I came across an article on demographic trends in law firms. Peter Black, the author of this article, said that one of the trends he noticed was the need for greater mentoring in the Millennial generation that is joining law firms. I think this may be true in many firms.
Helicopter parenting has been defined by Education.com as “the name given to the obsessively protective moms and dads who ‘hover’ around their kids. Of course, those kids end up becoming helpless teenagers and adults who always look for mama to swoop in and save them—a major parenting no-no.” What many people in HR and management have discovered is that this has resulted in many younger workers being unable or unwilling to take responsibility for their actions in their jobs. Rather they seek direction and shun responsibility.
A leadership survey, that I wrote about here, showed that the younger generation, in particular the women in that generation shun leadership positions. That may be a result of the effect of growing up in households of helicopter parents. As Black said this generation grew up with helicopter parents, play dates and heavily scheduled lives. They may not have developed the ability or desire to make decisions and to take on leadership roles.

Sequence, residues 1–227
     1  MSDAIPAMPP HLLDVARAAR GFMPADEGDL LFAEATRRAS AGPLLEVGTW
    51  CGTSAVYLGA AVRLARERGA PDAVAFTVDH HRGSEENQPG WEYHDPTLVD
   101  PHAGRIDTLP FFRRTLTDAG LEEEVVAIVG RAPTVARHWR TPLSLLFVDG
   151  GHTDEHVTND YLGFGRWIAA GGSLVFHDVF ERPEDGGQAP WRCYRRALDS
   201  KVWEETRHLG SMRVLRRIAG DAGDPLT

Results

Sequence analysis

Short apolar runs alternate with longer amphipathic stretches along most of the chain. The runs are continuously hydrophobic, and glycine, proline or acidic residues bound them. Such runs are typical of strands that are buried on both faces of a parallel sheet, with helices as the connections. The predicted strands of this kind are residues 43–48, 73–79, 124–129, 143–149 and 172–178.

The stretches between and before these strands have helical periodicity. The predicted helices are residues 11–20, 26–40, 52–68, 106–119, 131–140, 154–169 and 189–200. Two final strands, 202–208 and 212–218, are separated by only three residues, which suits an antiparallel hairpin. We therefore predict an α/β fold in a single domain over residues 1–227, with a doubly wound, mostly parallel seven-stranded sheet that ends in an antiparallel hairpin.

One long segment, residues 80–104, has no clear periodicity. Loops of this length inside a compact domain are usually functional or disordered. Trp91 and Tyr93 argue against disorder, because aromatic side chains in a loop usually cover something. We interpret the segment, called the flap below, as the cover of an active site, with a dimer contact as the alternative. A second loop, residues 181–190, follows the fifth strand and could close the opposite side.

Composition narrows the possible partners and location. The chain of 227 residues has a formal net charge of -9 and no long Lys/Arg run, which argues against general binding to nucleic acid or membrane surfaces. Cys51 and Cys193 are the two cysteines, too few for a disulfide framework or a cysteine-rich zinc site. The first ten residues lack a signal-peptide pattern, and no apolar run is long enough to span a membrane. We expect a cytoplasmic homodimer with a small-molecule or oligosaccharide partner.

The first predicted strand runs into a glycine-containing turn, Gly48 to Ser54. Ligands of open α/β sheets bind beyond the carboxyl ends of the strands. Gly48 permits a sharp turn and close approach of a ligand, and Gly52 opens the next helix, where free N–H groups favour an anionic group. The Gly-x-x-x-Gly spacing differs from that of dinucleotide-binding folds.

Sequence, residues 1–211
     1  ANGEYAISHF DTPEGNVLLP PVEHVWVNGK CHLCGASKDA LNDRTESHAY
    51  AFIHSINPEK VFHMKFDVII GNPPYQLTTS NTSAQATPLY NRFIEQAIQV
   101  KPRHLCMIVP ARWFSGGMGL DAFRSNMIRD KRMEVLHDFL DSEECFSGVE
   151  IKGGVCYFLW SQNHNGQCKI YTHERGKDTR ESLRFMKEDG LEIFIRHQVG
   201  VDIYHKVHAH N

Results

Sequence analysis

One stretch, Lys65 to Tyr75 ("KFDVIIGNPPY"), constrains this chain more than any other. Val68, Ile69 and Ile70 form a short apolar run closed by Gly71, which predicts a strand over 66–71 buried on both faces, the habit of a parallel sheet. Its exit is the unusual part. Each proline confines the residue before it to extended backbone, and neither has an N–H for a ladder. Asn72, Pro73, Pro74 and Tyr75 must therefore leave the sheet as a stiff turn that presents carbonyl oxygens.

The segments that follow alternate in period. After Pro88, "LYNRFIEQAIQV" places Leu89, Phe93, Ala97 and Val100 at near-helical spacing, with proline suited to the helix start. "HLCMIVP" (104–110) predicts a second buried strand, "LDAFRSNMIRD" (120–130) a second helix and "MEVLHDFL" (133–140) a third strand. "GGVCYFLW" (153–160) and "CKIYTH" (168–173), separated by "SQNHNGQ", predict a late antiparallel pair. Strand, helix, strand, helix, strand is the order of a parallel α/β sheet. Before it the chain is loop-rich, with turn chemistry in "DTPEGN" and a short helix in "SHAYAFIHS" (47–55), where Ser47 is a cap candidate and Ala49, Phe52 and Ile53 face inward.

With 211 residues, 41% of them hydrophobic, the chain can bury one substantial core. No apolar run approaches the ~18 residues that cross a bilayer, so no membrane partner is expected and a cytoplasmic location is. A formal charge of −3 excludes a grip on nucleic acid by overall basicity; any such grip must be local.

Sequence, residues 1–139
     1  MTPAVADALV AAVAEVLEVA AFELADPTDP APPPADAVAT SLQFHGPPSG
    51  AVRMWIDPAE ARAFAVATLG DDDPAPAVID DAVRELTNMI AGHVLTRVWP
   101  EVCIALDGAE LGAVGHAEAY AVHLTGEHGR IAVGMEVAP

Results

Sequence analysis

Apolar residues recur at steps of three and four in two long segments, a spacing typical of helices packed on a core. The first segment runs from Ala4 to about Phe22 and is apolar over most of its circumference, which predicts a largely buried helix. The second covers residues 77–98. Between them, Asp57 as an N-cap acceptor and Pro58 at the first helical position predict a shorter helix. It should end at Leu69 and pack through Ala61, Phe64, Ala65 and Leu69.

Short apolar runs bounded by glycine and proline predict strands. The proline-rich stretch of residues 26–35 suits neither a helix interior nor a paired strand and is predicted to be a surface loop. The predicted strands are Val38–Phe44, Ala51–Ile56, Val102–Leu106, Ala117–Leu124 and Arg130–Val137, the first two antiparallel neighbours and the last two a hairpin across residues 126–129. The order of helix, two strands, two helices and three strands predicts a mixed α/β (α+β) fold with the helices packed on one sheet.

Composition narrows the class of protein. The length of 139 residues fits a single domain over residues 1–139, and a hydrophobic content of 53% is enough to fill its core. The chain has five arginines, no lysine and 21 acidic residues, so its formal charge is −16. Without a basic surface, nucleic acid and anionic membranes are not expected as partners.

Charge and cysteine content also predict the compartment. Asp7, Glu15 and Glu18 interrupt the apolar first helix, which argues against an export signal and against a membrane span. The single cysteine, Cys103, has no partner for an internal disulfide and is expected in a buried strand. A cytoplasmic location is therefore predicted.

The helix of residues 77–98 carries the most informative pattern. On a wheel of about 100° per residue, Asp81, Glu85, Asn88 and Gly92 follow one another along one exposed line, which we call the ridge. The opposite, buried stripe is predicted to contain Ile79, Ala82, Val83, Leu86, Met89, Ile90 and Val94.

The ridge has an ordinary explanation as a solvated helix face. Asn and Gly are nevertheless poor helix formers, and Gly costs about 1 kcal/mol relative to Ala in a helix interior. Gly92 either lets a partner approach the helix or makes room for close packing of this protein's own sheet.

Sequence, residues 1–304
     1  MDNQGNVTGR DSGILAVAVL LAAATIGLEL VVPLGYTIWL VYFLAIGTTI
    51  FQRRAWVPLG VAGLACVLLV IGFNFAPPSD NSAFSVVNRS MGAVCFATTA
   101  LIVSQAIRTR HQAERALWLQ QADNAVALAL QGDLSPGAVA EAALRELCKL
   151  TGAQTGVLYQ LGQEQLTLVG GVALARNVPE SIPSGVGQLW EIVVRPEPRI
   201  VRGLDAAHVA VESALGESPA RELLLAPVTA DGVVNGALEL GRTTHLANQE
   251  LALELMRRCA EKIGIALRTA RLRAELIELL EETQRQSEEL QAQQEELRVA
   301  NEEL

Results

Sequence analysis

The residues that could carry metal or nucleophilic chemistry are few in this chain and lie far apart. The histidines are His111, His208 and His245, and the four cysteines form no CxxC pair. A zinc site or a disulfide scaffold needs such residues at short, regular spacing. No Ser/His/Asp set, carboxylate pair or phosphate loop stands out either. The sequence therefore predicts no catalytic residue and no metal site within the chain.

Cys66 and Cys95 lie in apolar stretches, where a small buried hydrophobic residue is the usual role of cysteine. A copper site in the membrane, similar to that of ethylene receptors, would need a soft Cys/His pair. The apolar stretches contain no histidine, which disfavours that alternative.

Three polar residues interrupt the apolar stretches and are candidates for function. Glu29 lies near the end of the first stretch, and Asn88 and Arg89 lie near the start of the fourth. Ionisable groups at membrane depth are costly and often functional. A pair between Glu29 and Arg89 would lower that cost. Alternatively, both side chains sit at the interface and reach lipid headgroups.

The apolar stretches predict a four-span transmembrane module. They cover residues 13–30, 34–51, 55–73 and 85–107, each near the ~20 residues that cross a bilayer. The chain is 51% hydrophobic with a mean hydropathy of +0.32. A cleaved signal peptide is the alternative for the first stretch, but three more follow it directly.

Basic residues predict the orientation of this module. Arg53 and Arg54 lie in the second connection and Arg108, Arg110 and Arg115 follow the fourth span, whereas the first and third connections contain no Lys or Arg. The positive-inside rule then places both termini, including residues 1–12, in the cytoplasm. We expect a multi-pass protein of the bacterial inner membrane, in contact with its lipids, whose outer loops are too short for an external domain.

Mentoring Will be Needed
One of the biggest criticisms of Millennials is that they lack critical thinking skills. This may be a result of the fact that their helicopter parents may have made decisions for them. If you have young employees that appear to lack this skill or a desire to take on leadership roles it may require that you develop a mentorship program.
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As I wrote in The Value of a Mentor quite often mentoring is driven from the level of the mentee who seeks out a mentor. However, in this case of this generation companies may need to drive this process by matching and assigning mentors to younger workers. Having abdicated to their parents much of their lives younger workers may not even know to seek out a mentor.
As you are evaluating their work if you find they are not meeting the goals set out for them, or they are floundering around for direction, don’t dismiss them as incompetent, rather view them as lacking direction. They may be in great need of a “helicopter parent” at work. The big difference is that the helicopter parent aka mentor should focus on teaching them decision-making and leadership rather than making the decisions for them.